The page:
“We are in the process of working with school bus drivers and getting that set up,” Robinson said.
The trauma commission donated kits that we have to provide the training. All of that is free of charge. They have a logistics person because the Redmond EMS services three counties and they use a lot of supplies. Somebody has to take care of all that.
“We have a quality control person that looks at every report we do and makes sure we did the right thing and followed the protocols,” Robinson added. “They help to make sure all the missing pieces are there. We have two fleet mechanics, and this is something that started up when I came onboard.”
They have 22 ambulances and have two supervisor vehicles, vans and all kinds of vehicles. Those things break down. They are like your car at home. They break down. You drive it one day and it runs great and the next day it breaks down. . . It was a big startup cost because that equipment is not cheap. You had to put in racks and do all this kind of stuff.
“But over the course of the two years, it has helped us maintain our fleet and get them back on the road. One of the problems we had is you take one to the shop for repairs and it is put in the line with 10 others waiting to be repaired. It’s a week before they get it out,” Robinson said.

We logged about 5,000 hours of community service programs and education things. About 450-500 of those hours are up here in Chattooga County with the guys doing stuff like football games and those kinds of things. We are a member of the regional disaster team. Basically, it is made up of all the ambulance services. If there is a disaster anywhere in the state, they give us a call. . . We have 22 ambulances and we have 14 on the road every day. Then we have reserve trucks and two supervisor vehicles. We have two logistic vans because if one breaks down, you still have to move supplies. You’ve got to have a backup and that is why everything comes in twos. . . . We have disaster trailers, an event trailer and a decon trailer. One that we added last year is that we added a bus. We had it donated. We got a bedding system donated by the state. It makes the bus able to carry six or eight patients at one time. It’s in the event of a mass casualty event and we need to move people. It also gives us enough room to have a command center. It’s at the paint shop waiting to go out. We have 10 stations that we maintain across our response area. Redmond EMS just as a service is a huge service line that the hospital has to maintain and keep up. It’s a big business.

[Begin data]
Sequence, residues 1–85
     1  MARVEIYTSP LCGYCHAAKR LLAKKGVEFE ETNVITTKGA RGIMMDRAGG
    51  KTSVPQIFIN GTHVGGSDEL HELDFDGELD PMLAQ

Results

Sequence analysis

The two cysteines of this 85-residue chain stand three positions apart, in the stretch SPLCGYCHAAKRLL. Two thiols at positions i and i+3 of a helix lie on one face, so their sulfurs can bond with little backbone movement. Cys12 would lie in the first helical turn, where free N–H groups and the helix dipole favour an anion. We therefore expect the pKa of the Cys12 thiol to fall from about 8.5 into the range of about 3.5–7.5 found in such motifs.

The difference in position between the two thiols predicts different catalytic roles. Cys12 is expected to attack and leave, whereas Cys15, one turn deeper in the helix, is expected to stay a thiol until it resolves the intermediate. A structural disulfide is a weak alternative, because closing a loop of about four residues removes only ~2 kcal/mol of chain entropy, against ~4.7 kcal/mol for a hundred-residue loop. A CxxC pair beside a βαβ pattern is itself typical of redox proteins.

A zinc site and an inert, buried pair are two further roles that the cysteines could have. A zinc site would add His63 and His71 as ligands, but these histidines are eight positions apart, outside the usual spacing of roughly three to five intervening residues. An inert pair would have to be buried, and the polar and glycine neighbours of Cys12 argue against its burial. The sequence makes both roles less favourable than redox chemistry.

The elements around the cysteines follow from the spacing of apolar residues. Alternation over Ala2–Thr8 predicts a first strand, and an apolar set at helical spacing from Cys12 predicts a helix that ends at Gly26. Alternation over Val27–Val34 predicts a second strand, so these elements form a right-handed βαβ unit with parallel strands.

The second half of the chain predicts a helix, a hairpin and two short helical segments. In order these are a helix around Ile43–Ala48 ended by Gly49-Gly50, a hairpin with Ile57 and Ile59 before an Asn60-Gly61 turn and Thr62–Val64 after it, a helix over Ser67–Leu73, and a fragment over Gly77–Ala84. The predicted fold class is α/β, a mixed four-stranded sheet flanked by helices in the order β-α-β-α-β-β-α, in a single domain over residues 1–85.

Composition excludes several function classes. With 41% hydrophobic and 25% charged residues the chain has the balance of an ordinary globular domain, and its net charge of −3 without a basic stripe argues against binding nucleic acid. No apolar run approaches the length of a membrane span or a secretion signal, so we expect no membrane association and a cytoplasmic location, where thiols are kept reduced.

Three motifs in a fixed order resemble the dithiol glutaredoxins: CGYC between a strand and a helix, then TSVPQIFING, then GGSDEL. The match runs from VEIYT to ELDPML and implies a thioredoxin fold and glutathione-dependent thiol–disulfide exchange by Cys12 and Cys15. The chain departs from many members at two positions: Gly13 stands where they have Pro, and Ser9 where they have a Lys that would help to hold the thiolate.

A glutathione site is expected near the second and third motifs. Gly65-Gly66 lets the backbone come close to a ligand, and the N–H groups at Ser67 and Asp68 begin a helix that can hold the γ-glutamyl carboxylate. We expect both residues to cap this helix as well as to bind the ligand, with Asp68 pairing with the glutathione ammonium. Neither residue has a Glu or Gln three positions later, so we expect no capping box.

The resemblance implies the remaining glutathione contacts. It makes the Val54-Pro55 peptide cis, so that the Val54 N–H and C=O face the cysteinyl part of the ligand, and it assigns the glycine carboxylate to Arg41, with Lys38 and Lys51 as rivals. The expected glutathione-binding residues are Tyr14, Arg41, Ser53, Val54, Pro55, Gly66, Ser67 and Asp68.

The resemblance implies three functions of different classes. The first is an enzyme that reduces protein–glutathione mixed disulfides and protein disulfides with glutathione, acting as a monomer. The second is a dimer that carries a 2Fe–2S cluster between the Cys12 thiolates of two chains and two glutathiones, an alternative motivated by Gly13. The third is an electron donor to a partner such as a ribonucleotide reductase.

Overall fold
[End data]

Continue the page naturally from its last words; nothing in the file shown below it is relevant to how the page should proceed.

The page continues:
We operate in urban areas, eight minutes and 59 seconds is our average response time. We shoot for that and we don’t want to go over that. In rural areas, it is 12 minutes and 59 seconds. That is the maximum. I’m pleased with our response times. As you guys know, we have some really rural areas up here.